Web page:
If you’d like to learn English, then immersing yourself in an English-speaking country is the best way to do it! But of course, not just any English-speaking country will do; you’ll need to choose wisely based on a few factors, and today, ESL Explorer is explaining exactly what those factors are.
Depending on your goals, studying English as a second language can often be a huge commitment of time and a significant investment of financial resources. How you choose to study will depend on the time you have available and the amount of money you’re willing to spend on books and courses.
I’m sure at some point during your studying journey you will consider leaving your home to immerse yourself in an English speaking country. This poses a difficult question: will the time abroad be worth it? From talking to people who made that assumption and spent time overseas, I firmly believe that the decision is rarely anything other than a positive one. The main reasons that people see value in studying overseas is the rapid increase in their ability to function in English, and the unique experience of living in a culture very different from their own.
Most students of English are aware of the benefits attached to visiting an English speaking country; what many are not so aware of is the best way to decide how to choose where to study. The list of locations, although extensive, often gets whittled down to a few key cities from an even smaller pool of countries. This is often caused by two reasons.
1. A lack of awareness of potential options. This results in a cycle of students taking the same courses in the same schools in the same cities. This is not necessarily a bad thing; you’re more likely to know exactly what you’re going to encounter when you arrive, and these places have built a solid reputation of being student-friendly and delivering exactly what you need. But the world is a big place and there are so many options for English language students. I recommend looking at options other than the usual destinations, because if you decide to go to a less common destination you’re likely experience things that you’ll never get the opportunity to do again.
2. Agents are affiliated with certain schools in certain locations. A vast majority of people who are looking to study abroad use the services of an agent in their home country. While this makes sense, it’s also very limiting. It means that you are unlikely to be given impartial advice about which place is the best fit for you. It also means that you will probably end up in a school with many people from your home country. This is common complaint among ESL students: “I didn’t fly thousands of kilometers and spend thousands of dollars to be in a classroom that is mostly made up of students from my home town.” If you’re looking for an unbiased resource, check out the ESL Explorer website to help you with your research.
It’s important to keep in mind what you want to get out of the experience. Here are some questions to ask yourself that might help you make the right decision.
1. Do you want to go to a large, medium or small city/town, and do you want that place to be close to anything in particular, such as a beach, mountains, other cities, etc.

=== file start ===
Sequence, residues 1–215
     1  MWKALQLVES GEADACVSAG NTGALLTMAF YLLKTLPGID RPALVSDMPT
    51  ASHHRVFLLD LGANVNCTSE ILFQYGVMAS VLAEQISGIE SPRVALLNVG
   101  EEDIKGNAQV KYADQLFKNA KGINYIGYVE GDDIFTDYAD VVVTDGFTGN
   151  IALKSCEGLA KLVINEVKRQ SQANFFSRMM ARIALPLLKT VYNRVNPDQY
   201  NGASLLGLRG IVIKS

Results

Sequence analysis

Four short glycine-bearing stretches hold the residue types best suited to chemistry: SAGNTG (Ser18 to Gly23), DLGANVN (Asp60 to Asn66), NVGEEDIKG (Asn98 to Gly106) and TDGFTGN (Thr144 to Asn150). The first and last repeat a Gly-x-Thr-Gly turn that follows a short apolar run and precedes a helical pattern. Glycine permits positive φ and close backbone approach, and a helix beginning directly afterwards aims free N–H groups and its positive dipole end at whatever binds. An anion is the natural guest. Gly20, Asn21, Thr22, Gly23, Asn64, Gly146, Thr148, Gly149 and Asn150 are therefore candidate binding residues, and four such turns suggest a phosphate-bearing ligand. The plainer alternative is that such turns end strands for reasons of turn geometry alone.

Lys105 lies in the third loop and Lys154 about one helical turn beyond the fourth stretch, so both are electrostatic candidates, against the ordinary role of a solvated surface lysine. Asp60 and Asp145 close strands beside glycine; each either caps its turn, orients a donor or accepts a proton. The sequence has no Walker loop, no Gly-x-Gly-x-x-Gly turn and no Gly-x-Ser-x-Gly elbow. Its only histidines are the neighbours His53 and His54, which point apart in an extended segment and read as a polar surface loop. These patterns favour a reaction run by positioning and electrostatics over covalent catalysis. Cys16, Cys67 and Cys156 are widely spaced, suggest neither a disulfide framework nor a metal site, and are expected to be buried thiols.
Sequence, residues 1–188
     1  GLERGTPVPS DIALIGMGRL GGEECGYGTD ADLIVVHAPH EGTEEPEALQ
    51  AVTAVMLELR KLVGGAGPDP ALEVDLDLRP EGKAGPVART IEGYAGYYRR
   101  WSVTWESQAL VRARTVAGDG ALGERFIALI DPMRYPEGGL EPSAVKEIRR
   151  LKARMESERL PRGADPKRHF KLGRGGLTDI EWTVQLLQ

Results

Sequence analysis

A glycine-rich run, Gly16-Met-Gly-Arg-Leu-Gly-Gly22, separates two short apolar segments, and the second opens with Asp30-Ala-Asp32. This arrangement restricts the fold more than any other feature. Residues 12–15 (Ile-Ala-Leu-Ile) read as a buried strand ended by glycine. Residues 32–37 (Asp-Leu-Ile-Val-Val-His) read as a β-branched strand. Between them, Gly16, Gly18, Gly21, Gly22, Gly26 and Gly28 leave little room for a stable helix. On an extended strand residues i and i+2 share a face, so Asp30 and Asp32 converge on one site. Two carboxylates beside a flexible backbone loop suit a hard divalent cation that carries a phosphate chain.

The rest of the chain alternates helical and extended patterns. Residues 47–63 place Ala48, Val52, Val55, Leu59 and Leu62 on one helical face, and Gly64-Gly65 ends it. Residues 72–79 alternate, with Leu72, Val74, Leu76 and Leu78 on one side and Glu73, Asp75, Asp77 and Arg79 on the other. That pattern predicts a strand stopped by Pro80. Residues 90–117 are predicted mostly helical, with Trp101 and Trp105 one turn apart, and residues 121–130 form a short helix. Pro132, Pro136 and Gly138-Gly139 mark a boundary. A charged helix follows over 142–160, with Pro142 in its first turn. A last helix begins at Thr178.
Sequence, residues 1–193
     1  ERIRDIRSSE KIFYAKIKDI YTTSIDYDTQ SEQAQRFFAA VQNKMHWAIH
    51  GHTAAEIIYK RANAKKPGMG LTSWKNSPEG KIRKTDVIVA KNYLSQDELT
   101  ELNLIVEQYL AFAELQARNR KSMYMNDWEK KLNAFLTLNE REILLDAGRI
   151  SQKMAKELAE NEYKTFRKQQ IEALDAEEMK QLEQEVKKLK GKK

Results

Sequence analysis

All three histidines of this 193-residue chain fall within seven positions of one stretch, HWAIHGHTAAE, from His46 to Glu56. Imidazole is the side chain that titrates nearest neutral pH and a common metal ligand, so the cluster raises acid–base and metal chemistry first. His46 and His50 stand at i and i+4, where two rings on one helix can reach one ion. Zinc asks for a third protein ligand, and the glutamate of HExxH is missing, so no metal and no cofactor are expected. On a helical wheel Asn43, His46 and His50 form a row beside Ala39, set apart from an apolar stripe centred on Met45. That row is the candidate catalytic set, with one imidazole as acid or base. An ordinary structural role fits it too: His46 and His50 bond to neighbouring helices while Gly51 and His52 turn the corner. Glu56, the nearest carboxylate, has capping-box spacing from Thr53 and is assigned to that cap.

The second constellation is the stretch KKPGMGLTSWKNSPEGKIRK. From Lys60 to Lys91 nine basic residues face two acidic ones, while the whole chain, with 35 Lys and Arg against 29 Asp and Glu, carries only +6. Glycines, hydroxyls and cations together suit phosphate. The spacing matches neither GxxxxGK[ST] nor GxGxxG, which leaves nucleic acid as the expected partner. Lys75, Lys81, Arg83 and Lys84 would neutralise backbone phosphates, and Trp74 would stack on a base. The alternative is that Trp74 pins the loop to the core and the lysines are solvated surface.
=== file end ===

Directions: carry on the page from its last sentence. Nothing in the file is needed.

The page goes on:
2. How much money are you prepared to spend and what is the cost of getting to, and living in, the places you are thinking of going?
3. Do you plan on working while you’re there? Are you able to work in the country you’re thinking of going? If you have work experience in a particular industry you may want to think about a place that is famous for that kind of work. For example, San Francisco might be a good fit if you’re a software developer. This might help you to secure a job/internship when your studies have finished.
4. Do you require a visa to study/work? How long will it take to get it?
5. Are you thinking of going somewhere with a certain type of weather? What time of the year do you plan to go and does this mean that the weather will be different from what you want to encounter?
6. Is it important for you have access to things from your home country (food, shops, communities, etc.)?
7. Do you think you might decide to stay longer? If so, what kind of place would you like to live for a longer period of time?
8. Do you know anyone who has studied abroad? If so, what recommendations do they have for you. If not, you can always look for information online.
9. What are your goals? Which country is going to facilitate you achieving those goals? E.g. do you want to learn English in a particular accent?
10. How far do you want to travel? Does the time difference matter to you? Maybe you want to be able to phone home to your parents at a certain time.
Once you answer these questions you’ll have a better idea of what options best fit your needs. If you want some more information about each country you can take a look at this blog post about English language destinations.
ESL Explorer is a trusted marketplace for students to research and buy the best promotions on English language courses around the world. With 200,000 courses at over 400 schools in 120 cities, ESL Explorer offers the widest variety of English Language courses, at any price point around the globe